Legionnaires’ Disease Incidence and Risk Factors, New York, New York, USA, 2002–2011 - Volume 20, Number 11—November 2014 - Emerging Infectious Disease journal - CDC
Volume 20, Number 11—November 2014
CME ACTIVITY - Synopsis
Legionnaires’ Disease Incidence and Risk Factors, New York, New York, USA, 2002–2011
Legionnaires’ disease, a bacterial infection caused primarily by the species Legionella pneumophila, was initially recognized as the cause of a 1976 outbreak of respiratory disease that resulted in 221 cases of illness, primarily among attendees of an American Legion convention in Philadelphia (1). In that outbreak, 34 people died, catapulting the previously unidentified disease to national attention (1–4). Infection with Legionella spp. is now classified into 2 clinically distinct diseases, Pontiac fever and Legionnaires’ disease; Pontiac fever is a milder illness that does not involve pneumonia (2).
An estimated 8,000–18,000 persons are hospitalized for legionellosis each year in the United States; ≈5%–30% of case-patients die (2,5). During the 2000s, cases of legionellosis in the United States reported to the Centers for Disease Control and Prevention increased 279%, from 1,110 in 2000 to 4,202 in 2011. During the same period, the national incidence of legionellosis increased 249%, from 0.39 per 100,000 persons in 2000 to 1.36 per 100,000 persons in 2011 (6,7).
Most Legionella species live in water, and transmission to humans occurs through inhalation of small water droplets in which the pathogen is aerosolized or by aspiration of contaminated water into the lungs (2,8). Known host risk factors for legionellosis are smoking, chronic obstructive pulmonary disease, diabetes, immune system compromise, older age (>50 years), and receipt of a transplant or chemotherapy (9). Environmental risk factors associated with legionellosis outbreaks are travel, residence in a health care facility, and proximity to cooling towers, whirlpool spas, decorative fountains, and grocery produce misters (2,6,10,11). However, only limited studies have been done regarding socioeconomic and occupational risk factors for community-acquired cases; some studies have identified driving as a potential occupational risk factor (12,13).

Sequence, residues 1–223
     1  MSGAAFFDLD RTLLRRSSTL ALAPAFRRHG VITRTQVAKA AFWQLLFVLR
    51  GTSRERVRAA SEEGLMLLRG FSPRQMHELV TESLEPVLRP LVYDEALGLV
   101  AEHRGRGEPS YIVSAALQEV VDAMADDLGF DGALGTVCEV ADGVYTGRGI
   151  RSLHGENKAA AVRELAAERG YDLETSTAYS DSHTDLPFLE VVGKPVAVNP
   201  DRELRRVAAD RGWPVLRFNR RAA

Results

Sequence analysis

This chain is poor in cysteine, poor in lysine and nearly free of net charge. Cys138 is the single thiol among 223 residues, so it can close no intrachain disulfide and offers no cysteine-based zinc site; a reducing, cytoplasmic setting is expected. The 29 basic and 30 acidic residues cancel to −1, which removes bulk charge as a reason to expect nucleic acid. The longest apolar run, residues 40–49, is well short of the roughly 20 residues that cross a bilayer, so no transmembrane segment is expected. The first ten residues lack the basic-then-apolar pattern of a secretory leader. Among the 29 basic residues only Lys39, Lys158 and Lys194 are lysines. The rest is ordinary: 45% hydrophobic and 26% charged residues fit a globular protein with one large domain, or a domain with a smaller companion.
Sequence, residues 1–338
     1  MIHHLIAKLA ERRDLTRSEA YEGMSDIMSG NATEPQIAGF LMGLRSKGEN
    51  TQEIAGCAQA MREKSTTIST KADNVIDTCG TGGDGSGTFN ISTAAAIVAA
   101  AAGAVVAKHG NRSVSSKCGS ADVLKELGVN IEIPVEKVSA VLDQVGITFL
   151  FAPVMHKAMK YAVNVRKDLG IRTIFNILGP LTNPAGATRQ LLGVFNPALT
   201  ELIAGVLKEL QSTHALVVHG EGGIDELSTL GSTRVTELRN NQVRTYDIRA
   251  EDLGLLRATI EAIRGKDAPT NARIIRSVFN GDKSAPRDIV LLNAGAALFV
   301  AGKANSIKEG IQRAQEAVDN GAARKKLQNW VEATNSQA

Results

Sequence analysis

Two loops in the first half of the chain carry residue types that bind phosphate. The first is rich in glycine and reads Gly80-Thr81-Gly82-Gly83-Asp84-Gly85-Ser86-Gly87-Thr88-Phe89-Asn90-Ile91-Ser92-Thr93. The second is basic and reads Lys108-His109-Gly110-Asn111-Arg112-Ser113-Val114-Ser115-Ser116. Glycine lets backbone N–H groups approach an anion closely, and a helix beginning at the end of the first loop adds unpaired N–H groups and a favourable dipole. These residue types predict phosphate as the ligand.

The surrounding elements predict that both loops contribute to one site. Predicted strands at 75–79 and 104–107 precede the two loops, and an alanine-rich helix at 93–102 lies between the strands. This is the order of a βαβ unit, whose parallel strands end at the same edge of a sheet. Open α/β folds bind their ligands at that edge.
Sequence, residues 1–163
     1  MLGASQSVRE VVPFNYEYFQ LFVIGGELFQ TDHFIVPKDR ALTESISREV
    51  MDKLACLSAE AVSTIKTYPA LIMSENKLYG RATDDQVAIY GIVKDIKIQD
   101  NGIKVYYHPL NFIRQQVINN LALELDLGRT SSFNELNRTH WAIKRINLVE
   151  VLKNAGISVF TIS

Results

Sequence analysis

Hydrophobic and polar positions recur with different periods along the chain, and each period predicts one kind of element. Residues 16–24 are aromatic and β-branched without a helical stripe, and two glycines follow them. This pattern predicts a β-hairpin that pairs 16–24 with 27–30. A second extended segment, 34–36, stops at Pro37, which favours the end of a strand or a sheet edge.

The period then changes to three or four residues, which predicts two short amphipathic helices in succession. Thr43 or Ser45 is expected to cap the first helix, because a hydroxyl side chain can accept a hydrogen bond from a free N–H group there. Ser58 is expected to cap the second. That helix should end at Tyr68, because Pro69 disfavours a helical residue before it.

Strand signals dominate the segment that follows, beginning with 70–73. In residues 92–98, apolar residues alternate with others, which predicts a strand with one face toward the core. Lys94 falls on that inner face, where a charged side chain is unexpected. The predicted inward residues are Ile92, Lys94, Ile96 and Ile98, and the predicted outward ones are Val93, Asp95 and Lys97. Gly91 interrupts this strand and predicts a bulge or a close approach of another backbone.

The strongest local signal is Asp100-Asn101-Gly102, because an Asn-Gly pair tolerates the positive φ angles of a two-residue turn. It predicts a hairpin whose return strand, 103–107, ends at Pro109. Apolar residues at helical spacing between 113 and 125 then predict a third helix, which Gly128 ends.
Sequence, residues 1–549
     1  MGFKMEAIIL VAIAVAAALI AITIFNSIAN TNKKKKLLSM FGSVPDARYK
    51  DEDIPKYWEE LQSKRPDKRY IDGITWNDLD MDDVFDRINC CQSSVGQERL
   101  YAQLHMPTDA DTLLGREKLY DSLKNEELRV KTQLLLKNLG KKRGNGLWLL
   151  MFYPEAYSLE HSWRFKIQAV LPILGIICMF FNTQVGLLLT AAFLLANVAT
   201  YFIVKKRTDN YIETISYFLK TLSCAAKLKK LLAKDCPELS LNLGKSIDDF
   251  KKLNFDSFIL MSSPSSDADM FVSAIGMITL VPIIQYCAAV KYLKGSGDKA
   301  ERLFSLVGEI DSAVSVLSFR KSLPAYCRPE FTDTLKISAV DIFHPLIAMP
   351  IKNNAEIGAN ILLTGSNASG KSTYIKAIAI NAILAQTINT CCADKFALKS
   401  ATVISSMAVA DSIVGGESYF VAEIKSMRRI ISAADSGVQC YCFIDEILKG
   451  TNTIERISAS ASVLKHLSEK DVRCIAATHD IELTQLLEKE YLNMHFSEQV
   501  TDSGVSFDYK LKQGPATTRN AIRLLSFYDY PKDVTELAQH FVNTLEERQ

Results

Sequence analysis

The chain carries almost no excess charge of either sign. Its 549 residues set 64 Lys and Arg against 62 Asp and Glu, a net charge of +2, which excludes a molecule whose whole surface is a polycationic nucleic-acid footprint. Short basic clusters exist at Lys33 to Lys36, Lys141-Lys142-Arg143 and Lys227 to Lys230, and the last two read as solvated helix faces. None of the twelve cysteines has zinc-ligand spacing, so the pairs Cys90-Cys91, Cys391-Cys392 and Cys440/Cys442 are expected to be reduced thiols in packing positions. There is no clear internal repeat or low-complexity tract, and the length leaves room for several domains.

To describe the epidemiology of Legionnaires’ disease in New York, New York, we analyzed surveillance data for 2002–2011. In addition to overall incidence, we measured the associations between acquisition of Legionella infection and socioeconomic and occupational groups.
Ms Farnham is a research scientist with the Immunization Surveillance Team at the New York City Department of Health and Mental Hygiene. Her research interests include the epidemiology of infectious disease and socioeconomic health disparities.
This publication was supported by Epidemiology and Laboratory Capacity for Infectious Diseases Cooperative Agreement Number 3U50CI000899-02S3 and the Public Health Emergency Preparedness grant award no. 5U90TP000546-02 from CDC. Its contents are solely the responsibility of the authors and do not necessarily represent the official views of CDC.
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Suggested citation for this article: Farnham A, Alleyne L, Cimini D, Balter S. Legionnaires’ disease incidence and risk factors, New York, New York, USA, 2002–2011. Emerg Infect Dis [Internet]. 2014 Nov [date cited]. http://dx.doi.org/10.3201/eid2011.131872